It is also an exaggeration to say Clinton was going to "give $5,000 to every child." She never formally proposed such a plan, though she did flirt with the idea for a few days. According to several news reports, Clinton told the Congressional Black Caucus on Sept. 28, “I like the idea of giving every baby born in America a $5,000 account that will grow over time, so that when that young person turns 18 if they have finished high school they will be able to access it to go to college or maybe they will be able to make that down payment on their first home.” A campaign spokesman told The Associated Press that Clinton’s comment was not a policy proposal “but an idea under consideration.” She told the Wall Street Journal this month that she wouldn't propose the idea.
Giuliani also exaggerated when he said Clinton's new proposal would cost $5 billion more than the $5,000-per-baby idea. She estimates that the new retirement plan proposal would cost about $20 billion to $25 billion each year, an amount she would finance by freezing the estate tax at its 2009 level. According to the Centers for Disease Control and Prevention, there were 4,289,000 live births in the U.S. during the 12 months ending in February, the most recent year on record. The cost of giving each of those kids a $5,000 bond is $21.4 billion, which is actually more than the low end of Clinton's estimate for her new plan.
"Frivolous" lawsuits: Giuliani misstated a statistic when he said that “2.2 percent of our GDP now, is spent on all these frivolous lawsuits. It’s double any other industrialized nation.” That figure comes from a 2005 study of the costs of civil claims of negligence (called tort claims) that gives the total cost associated with all such legal disputes – but in no way attempts to distinguish between “frivolous” ones and lawsuits of merit. The study, published by Tillinghast, a division of the management consulting firm Towers Perrin, makes this clear in its introduction: “No attempt has been made to measure or quantify the benefits of the tort system. This study makes no conclusion that the costs of the U.S. tort system outweigh the benefits or vice versa.” The lead author of the study, Russ Sutter, told us earlier this year when we looked into how the U.S. Chamber of Commerce also misrepresented his numbers that the study “looked at all torts; we don’t segregate between legitimate and illegitimate.”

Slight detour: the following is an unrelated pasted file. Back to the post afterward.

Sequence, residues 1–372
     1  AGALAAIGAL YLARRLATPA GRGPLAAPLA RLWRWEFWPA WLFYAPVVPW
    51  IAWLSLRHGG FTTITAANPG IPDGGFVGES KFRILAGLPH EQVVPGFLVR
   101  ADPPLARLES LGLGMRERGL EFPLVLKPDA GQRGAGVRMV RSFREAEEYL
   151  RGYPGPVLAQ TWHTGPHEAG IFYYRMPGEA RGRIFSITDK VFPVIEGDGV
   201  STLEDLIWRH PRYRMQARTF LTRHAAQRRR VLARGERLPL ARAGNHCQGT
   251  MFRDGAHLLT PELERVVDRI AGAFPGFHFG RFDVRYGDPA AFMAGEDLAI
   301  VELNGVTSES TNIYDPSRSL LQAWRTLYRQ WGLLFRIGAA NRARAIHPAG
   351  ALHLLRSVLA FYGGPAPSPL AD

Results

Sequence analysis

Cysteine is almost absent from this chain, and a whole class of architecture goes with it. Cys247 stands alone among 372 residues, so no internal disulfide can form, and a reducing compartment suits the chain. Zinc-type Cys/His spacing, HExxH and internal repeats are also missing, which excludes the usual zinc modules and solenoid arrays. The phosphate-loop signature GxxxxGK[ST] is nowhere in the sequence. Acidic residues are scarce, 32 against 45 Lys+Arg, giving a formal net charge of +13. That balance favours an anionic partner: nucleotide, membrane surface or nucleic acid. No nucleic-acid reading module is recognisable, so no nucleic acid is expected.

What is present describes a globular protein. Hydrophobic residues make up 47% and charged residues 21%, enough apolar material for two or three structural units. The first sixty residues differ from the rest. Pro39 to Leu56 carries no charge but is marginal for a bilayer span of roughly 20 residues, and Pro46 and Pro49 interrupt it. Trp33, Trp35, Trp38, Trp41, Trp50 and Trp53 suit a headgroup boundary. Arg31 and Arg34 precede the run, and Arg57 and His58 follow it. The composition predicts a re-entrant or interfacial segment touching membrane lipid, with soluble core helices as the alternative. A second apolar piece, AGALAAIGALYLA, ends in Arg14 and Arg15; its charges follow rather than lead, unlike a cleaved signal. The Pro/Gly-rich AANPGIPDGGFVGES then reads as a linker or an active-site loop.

Also, Giuliani is slightly off when he compares the U.S. to other nations. Tillinghast did find that the total costs in 2003 and 2004 amounted to 2.2 percent of the United States’ gross domestic product, a figure that is double Germany’s 2003 costs (1.1 percent of GDP) but not quite twice as large as Italy’s (1.7 percent). Tillinghast’s 2006 update of the study, however, found that costs as a percentage of GDP had slipped to 2.09 percent in the U.S. No international figures were included in that report.
Thompson: Just the Facts
Thompson stuck to the facts in his rookie outing. A number of his statements attracted our interest, but they all checked out.
Corporate Taxes 2nd Highest in the World: Thompson was correct when he said of the U.S., "We have the second highest corporate tax penalty in the world." According to a study produced by the global consulting firm KPMG, the U.S. top corporate tax rate of 40 percent is just slightly below Japan’s 40.6 percent. The United States is resisting a worldwide trend that has seen most nations reduce corporate taxes during the last decade. As of Jan. 1, 2007, the German rate was 38.36 percent; the Italian rate was 37.25 percent; and the Canadian rate was 36.1 percent. The average for the 30 major industrial democracies was 27.8 percent.
WMDs in Iraq: Thompson corrected moderator Chris Matthews, who wrongly implied that the former senator had said Saddam Hussein had weapons of mass destruction "right before" the U.S.-led invasion of Iraq: